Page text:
For example and continuing with the above-stated example, the anticipated differential change was determined 114 to be 0.004 volts. Further, the realized differential change was measured 116 to be 0.003 volts. Accordingly, processor 32 within transfer function mapping system 10 may compare 118 the anticipated differential change (i.e., 0.004 volts) to the realized differential change (i.e., 0.003 volts) and calculate 120 a nonlinearity indicator of 0.001 volts (i.e., 0.004 volts−0.003 volts).

Transfer function mapping system 10 may be implemented as automated test equipment, wherein comparator 20, processor 32, and reference signal generator 12 are all provided in an apparatus that further supplies a connection point for each of first device 12 and second device 26 to be connected by the user.

Transfer function mapping system 10 may also be incorporated into the device to be tested (e.g., first device 12), thus allowing for self-analysis and/or self-configuration of the device into which transfer function mapping system 10 is incorporated. For example, a digital-to-analog converter may incorporate a comparator and processor to perform the same or similar functions as comparator 20 and processor 32 as disclosed above. Accordingly, a series of transitions may be analyzed at power up (e.g. as a power on self test) or at intervals during operation to allow for self-calibration with respect to one or more calculated nonlinearities.

While system 10 is described above as having shift circuit 22 positioned before second device 26, this is for illustrative purposes only and is not intended to be a limitation of this disclosure. Specifically, shift circuit 22 may be positioned after second device 26. Accordingly, first device 12 and second device 26 may be provided with identical reference signals from reference signal generator 14. However, second intermediate signal 28 may be processed by shift circuit 22 to e.g., time-shift second intermediate signal 28.

One or more of first reference signal 16 (and corresponding first intermediate signal 18) and second reference signal 24 (and corresponding second intermediate signal 28) may be sawtooth waveforms. Transfer function mapping system 10 may execute a phase alignment process (with respect to one or more of first reference signal 16, corresponding first intermediate signal 18, second reference signal 24 and/or corresponding second intermediate signal 28) to allow for easier correlation between the input signal(s) applied to e.g., comparator 20 and the various edges of output signal 30.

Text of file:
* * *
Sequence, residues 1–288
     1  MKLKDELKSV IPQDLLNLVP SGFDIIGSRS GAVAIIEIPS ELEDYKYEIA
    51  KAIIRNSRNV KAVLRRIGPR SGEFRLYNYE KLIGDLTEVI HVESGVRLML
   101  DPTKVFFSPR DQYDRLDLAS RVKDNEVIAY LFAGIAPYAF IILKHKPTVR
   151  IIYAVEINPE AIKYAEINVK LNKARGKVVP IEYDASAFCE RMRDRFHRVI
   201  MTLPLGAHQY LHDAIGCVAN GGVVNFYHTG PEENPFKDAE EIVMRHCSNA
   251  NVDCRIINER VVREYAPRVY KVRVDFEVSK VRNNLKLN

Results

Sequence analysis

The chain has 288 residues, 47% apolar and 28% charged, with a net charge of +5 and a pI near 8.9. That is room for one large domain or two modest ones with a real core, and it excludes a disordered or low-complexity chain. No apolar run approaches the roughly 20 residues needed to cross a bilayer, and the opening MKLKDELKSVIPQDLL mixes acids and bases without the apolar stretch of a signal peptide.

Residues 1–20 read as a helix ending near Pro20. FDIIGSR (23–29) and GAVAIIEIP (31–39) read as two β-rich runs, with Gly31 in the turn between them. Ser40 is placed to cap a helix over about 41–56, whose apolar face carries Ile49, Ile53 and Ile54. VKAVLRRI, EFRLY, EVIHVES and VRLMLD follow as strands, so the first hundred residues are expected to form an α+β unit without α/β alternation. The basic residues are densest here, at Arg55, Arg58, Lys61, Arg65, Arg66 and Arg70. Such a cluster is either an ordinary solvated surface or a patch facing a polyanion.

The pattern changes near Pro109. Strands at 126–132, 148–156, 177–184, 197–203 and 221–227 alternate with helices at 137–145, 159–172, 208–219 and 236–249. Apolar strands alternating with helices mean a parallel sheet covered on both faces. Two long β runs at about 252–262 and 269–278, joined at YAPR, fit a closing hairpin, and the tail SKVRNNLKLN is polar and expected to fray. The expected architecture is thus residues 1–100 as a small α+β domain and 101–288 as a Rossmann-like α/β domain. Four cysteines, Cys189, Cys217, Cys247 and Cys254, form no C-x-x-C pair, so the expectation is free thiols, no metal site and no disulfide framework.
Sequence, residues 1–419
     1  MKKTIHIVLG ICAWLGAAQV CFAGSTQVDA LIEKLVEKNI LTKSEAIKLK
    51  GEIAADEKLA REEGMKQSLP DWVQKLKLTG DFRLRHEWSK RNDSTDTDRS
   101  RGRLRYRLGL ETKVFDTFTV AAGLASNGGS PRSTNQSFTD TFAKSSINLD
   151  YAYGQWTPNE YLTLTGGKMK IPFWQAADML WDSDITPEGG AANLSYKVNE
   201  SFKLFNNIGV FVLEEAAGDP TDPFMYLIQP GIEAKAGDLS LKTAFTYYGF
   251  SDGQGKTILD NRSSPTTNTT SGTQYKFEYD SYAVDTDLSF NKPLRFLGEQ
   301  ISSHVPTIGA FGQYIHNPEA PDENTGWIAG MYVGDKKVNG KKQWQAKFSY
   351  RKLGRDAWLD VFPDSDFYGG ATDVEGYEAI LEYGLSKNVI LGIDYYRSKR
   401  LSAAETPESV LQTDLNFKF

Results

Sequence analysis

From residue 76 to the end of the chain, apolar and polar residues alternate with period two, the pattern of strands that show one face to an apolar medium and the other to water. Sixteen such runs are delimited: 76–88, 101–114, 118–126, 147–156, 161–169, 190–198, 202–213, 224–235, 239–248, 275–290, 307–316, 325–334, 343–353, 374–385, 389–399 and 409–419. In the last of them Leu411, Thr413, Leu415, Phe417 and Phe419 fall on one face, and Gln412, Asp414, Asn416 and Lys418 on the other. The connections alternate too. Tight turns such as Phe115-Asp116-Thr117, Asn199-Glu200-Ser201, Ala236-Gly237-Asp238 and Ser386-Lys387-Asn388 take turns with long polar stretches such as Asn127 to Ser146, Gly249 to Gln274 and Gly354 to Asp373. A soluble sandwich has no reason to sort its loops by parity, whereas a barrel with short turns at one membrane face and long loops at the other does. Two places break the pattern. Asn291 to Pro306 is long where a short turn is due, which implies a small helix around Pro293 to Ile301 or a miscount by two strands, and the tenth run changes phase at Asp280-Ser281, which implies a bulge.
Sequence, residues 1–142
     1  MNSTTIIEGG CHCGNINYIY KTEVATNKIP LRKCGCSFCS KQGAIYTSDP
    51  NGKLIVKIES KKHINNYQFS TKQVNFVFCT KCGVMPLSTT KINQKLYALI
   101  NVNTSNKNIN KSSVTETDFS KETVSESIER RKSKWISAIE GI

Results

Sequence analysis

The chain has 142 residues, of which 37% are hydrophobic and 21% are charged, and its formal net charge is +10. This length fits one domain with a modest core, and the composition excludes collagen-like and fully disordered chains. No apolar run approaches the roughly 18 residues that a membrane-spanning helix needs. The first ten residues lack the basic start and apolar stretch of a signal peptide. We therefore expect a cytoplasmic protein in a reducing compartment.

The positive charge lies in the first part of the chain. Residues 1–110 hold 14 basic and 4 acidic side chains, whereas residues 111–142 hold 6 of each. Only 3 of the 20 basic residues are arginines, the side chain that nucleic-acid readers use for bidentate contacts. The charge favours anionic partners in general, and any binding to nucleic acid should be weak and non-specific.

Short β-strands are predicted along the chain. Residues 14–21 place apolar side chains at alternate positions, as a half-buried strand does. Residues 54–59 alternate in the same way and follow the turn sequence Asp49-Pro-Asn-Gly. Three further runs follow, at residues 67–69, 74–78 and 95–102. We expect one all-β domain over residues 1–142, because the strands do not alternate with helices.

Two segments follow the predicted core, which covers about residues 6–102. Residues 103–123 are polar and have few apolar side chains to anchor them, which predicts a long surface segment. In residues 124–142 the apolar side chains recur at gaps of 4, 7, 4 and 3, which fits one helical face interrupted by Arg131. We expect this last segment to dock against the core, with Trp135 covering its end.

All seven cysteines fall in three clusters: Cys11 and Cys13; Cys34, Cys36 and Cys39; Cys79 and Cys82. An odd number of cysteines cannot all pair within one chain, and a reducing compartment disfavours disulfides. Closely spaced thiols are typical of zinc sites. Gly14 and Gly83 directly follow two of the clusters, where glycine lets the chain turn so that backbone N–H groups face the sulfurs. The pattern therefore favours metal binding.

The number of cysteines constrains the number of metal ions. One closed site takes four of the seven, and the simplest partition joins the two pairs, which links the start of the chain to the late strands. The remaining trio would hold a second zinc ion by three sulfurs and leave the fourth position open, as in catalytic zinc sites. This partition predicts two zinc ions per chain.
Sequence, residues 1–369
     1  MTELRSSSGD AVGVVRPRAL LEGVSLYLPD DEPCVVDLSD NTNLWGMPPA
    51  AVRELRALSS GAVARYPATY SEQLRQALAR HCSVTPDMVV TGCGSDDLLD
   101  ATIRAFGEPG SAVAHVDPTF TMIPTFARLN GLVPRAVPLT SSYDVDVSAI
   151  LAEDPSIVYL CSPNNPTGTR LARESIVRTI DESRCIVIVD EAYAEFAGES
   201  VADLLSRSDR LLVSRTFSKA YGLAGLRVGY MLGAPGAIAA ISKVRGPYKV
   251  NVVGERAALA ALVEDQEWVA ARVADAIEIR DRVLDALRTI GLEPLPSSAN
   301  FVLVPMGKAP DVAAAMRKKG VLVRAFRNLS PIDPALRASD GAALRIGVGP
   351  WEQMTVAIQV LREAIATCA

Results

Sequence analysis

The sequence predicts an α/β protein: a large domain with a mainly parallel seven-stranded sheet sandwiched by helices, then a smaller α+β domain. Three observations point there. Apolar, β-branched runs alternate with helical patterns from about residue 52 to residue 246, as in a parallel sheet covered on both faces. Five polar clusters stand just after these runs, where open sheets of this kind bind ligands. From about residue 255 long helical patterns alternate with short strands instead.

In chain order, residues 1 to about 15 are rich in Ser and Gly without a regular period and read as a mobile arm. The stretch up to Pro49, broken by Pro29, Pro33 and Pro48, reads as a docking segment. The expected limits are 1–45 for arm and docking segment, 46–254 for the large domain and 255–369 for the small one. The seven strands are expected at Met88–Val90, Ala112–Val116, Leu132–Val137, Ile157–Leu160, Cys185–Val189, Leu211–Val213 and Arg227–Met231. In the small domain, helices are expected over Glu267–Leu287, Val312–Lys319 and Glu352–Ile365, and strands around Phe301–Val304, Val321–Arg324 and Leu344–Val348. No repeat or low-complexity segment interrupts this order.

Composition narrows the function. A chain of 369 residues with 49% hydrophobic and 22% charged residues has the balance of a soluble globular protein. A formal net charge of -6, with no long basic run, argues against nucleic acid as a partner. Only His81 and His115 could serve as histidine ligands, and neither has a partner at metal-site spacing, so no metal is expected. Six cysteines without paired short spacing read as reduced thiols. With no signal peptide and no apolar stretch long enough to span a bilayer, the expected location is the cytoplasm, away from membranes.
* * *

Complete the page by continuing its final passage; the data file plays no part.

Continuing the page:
Transfer function mapping system 10 may accomplish this phase alignment in various ways and this disclosure is not intended to be limited to any particular alignment process. As an illustrative example, transfer function mapping system 10 may e.g., process a portion of the digital samples that define one or more of the above-described signals. The processing performed by transfer function mapping system 10 may include (but is not limited to) averaging and/or balancing the individual digital samples. Due to the repetitive nature of the digital samples, the processed digital samples may be examined to determine e.g., the point at which multiple null positions exist. These multiple null positions may then be used for phase alignment purposes. For example, the above-described repetitious signal may be phase asynchronous. Since each repetition (UTP) is of equal length and time, one UTP may be searched for a unique position (i.e., known ‘a-priori’) to phase align the UTP, such that UTP averaging may occur that effectively reduces the noise by 1/rt(N) UTP's.

A number of implementations have been described. Nevertheless, it will be understood that various modifications may be made. Accordingly, other implementations are within the scope of the following claims.

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Referenced by
Citing PatentFiling datePublication dateApplicantTitle
US9152747Aug 6, 2014Oct 6, 2015Xcerra CorporationDistortion measurement and correction system and method
Classifications
U.S. Classification702/69, 702/189, 702/124, 327/100, 702/109
International ClassificationG01R29/00, G06F13/00
Cooperative ClassificationH03M1/66, G01R31/3167, H03M1/109, G01R23/20
European ClassificationH03M1/10T5, G01R23/20
Legal Events
DateCodeEventDescription
Aug 12, 2008ASAssignment
Owner name: LTX CORPORATION, MASSACHUSETTS
Free format text: ASSIGNMENT OF ASSIGNORS INTEREST;ASSIGNORS:LIGGIERO, RICHARD, III;REISS, ALAN J.;REEL/FRAME:021372/0158;SIGNING DATES FROM 20080723 TO 20080729
Owner name: LTX CORPORATION, MASSACHUSETTS
Free format text: ASSIGNMENT OF ASSIGNORS INTEREST;ASSIGNORS:LIGGIERO, RICHARD, III;REISS, ALAN J.;SIGNING DATES FROM20080723 TO 20080729;REEL/FRAME:021372/0158
Mar 3, 2011ASAssignment
Owner name: LTX-CREDENCE CORPORATION, MASSACHUSETTS
Free format text: MERGER;ASSIGNOR:CREDENCE SYSTEMS CORPORATION;REEL/FRAME:025894/0629
Effective date: 20090130
Jan 17, 2014ASAssignment